Three times failed east coast franchise epitomises ‘broken model’

The three times failure of the key east coast main line franchise between Scotland and London epitomises the shortcomings of the system which the UK Government plans to sweep away.

Passenger service contracts will replace franchises, with the planned Great British Railways body taking greater control, including over fares.

The east coast franchise has been back in public hands since 2018 when Virgin Trains East Coast became the third operator in 12 years to default on the deal.

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The consortium, led by Perth-based Stagecoach, had agreed to pay £3.3 billion to run the service on the route made famous by the Flying Scotsman express between Edinburgh Waverley and London King’s Cross.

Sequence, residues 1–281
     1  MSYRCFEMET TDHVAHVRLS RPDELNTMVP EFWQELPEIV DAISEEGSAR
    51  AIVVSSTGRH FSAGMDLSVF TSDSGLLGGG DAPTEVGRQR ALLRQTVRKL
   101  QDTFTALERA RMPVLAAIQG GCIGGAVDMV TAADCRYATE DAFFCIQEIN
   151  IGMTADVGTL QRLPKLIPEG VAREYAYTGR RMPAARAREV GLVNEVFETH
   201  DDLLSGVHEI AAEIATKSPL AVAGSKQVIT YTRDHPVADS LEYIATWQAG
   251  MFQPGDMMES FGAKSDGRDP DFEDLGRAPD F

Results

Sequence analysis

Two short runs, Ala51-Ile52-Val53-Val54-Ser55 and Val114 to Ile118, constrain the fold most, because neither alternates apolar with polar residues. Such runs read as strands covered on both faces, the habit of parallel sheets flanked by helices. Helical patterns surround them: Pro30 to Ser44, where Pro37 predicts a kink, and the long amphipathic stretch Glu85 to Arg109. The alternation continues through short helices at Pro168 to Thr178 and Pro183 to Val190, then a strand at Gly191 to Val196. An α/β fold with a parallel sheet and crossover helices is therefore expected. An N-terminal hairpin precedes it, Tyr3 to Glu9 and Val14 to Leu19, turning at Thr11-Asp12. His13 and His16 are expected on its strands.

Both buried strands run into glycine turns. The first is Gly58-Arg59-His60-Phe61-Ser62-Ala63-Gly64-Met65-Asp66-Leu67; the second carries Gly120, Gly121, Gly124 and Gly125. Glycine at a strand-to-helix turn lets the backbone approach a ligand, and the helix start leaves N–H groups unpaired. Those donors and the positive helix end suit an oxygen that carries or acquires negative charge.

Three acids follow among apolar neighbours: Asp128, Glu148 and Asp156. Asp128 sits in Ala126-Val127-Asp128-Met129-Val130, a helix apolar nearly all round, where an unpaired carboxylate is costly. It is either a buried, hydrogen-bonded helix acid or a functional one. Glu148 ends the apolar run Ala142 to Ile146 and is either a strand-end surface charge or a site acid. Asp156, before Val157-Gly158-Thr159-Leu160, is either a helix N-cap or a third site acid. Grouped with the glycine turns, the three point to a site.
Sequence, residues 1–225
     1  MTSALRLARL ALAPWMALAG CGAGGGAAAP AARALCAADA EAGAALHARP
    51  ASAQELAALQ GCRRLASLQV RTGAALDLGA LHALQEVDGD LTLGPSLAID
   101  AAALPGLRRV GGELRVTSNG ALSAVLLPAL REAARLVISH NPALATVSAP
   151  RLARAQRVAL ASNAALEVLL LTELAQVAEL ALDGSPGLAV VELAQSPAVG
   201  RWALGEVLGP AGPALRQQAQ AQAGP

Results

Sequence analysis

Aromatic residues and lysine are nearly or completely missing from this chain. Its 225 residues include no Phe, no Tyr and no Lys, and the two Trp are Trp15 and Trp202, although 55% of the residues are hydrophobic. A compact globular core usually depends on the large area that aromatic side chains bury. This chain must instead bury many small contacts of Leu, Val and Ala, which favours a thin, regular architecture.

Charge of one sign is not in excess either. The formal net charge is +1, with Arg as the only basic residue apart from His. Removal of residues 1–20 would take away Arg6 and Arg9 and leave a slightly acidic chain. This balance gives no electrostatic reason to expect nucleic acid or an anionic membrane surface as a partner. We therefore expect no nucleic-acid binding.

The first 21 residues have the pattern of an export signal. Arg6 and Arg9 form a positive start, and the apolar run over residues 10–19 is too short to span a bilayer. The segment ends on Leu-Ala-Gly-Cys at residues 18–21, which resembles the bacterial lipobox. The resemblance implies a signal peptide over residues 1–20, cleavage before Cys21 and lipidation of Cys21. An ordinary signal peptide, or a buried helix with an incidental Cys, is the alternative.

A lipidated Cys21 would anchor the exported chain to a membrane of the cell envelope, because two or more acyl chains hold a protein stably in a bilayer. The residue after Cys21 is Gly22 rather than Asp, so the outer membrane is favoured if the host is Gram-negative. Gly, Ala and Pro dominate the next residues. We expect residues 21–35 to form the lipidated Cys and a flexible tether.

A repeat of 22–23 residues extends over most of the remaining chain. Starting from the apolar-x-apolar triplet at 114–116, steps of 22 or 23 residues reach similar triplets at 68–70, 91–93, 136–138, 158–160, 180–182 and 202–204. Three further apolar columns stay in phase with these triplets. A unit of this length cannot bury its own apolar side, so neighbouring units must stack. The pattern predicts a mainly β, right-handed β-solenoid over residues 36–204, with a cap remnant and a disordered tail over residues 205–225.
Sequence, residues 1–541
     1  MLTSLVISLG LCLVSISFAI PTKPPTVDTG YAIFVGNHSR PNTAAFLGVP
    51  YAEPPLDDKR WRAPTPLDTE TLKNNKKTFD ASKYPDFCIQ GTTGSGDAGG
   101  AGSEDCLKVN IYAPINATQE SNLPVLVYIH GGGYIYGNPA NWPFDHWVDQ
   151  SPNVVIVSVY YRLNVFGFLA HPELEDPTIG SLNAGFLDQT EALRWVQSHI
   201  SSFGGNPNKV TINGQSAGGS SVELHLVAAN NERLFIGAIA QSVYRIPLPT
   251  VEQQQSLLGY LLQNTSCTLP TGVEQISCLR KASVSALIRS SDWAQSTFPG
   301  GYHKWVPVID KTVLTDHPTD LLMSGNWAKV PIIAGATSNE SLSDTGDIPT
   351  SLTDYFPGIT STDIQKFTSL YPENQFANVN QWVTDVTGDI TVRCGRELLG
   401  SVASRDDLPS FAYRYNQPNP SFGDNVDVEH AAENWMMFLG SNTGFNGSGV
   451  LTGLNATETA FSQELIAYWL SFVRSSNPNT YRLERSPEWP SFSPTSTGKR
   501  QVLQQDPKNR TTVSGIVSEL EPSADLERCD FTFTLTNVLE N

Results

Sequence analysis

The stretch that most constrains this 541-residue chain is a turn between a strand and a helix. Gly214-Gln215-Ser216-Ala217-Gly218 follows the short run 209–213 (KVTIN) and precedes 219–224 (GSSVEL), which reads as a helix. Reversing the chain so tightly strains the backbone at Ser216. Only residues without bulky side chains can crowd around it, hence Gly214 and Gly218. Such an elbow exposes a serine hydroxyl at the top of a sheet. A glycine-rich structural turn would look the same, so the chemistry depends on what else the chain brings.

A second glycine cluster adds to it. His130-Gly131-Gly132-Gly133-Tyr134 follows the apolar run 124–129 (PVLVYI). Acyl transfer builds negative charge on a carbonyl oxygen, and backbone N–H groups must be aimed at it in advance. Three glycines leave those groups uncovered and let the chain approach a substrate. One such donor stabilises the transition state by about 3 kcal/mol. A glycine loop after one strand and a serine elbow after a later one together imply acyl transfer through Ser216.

Virgin Trains East Coast defaulted on the franchise after bidding twice as much as two failed predecessors

That was twice as much two previous failed operators who had also been unable to keep up the repayments to the UK Government.

GNER, which won the franchise after rail privatisation in 1996, handed back the keys on its £1.3bn contract in 2006, while successor National Express defaulted on its £1.4bn contract three years later.

The franchise, which also operates trains between Aberdeen, Inverness, Glasgow and London via Edinburgh, was also operated by the UK Government from 2009 to 2015 after the latter collapse.

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The then Transport Secretary Chris Grayling said in 2018: "Stagecoach and Virgin Trains got their bid wrong and they are now paying a price."

But Commons’ public accounts committee chair Meg Hillier said: “The [UK] Government appears to have seen its task as simply to contract out the service, with wholly inadequate consideration given to passengers’ best interests and behaviour.

“This imbalance cannot continue.

"The franchising model is broken and passengers are paying the price.”

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